Incentive stock options (ISO)

Incentive stock options (ISO)

Author: The Carta Team
Read time:  4 minutes
Published date:  March 2, 2023
Incentive stock options (ISO) are a type of stock option that qualifies for special tax treatment. Learn more about what it means to exercise or sell ISOs.

Below, we’ll cover everything you need to know about incentive stock options (ISO), including how they differ from other types of equity compensation, how they work, and how they’re taxed.

What are incentive stock options (ISO)?

Incentive stock options (ISO) are a form of equity compensation that allows you to buy company shares for a specific exercise price. ISOs are a type of stock option–they are not actual shares of stock; you must exercise your options to become a shareholder. Incentive stock options are differentiated from other types of equity compensation by how they are taxed. Unlike non-qualified stock options (NSO), you usually don’t have to pay taxes when you exercise ISOs. Plus, you may be able to pay a lower tax rate if you meet certain requirements (more on that later).

Startups and other types of companies in the U.S. include ISOs as part of a total compensation package. Stock options like ISOs can motivate employees to stay longer until the options vest. Once your incentive stock options fully vest, you can purchase them (exercise your options) at a pre-set strike price.

The value of stock options changes over time. If your company is successful, you could make money on the increased value. However, you’re never required to exercise ISOs.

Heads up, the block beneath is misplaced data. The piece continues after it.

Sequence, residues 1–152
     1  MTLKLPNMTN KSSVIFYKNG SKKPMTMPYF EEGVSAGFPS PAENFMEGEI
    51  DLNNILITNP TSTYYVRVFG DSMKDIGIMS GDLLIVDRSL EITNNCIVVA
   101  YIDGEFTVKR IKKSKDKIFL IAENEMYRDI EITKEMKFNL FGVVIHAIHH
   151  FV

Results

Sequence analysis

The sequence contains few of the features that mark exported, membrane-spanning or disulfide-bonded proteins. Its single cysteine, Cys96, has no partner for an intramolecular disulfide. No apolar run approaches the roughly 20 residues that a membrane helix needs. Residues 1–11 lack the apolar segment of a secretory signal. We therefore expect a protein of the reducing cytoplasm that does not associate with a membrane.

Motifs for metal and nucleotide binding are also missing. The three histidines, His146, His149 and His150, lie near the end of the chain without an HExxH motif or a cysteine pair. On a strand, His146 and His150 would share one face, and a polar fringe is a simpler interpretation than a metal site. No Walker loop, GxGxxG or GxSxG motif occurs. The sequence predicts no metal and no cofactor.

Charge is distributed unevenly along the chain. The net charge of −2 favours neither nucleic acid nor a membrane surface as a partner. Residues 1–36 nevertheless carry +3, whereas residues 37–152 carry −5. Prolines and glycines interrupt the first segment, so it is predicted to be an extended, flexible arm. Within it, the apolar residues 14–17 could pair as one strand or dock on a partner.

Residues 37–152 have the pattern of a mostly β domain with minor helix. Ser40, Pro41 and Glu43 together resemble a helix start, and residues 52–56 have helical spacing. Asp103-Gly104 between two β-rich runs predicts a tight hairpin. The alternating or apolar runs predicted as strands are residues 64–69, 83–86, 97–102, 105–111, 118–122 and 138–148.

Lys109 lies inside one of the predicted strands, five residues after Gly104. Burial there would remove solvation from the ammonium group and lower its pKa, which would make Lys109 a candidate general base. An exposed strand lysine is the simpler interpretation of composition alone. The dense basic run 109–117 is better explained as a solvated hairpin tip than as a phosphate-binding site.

Incentive stock options vs. non-qualified stock options

Non-qualified stock options (NSO) are another type of stock options U.S. companies may offer to employees. With NSOs, you pay taxes both when you exercise and sell your options. This usually means you pay more taxes with NSOs than with ISOs.

ISOs vs. NSOs




May be subject to alternative minimum tax (details below)

May be subject to ordinary income tax


Ordinary income or capital gains

Capital gains

ISOs vs. equity awards

Instead of stock options, some startups use alternative equity compensation, such as restricted stock awards (RSA) or restricted stock units (RSU), depending on the company’s stage. RSAs are typically used for very early stage companies, while RSUs are common for more mature ones. Both RSAs and RSUs are grants of stock, not options of stock, so you typically don’t need to exercise them.

→ Learn more about the differences between RSUs and stock options

How are incentive stock options taxed?

There are two types of taxes to consider with equity compensation: ordinary income tax and capital gains tax. The capital gains tax rate has historically been lower than the ordinary income tax rate.

Flow chart to help determine if taxes are owed on ISOs and if so, which type of taxes.

When you exercise ISOs, you don’t have to sell the resulting shares right away. If you do sell right away (for example, to cover the cost of exercise), the shares you sell won’t qualify for the ISO tax advantage. Instead, they’ll be taxed like NSOs and you’ll pay ordinary income tax on the spread between your strike price and the fair market value (FMV) at the time of sale.

If you exercise ISOs and hold your stock for at least one year, your stock should be eligible for the tax incentive when you sell. To receive the incentive, you must hold (keep) ISOs for at least one year after exercise and two years after the grant date.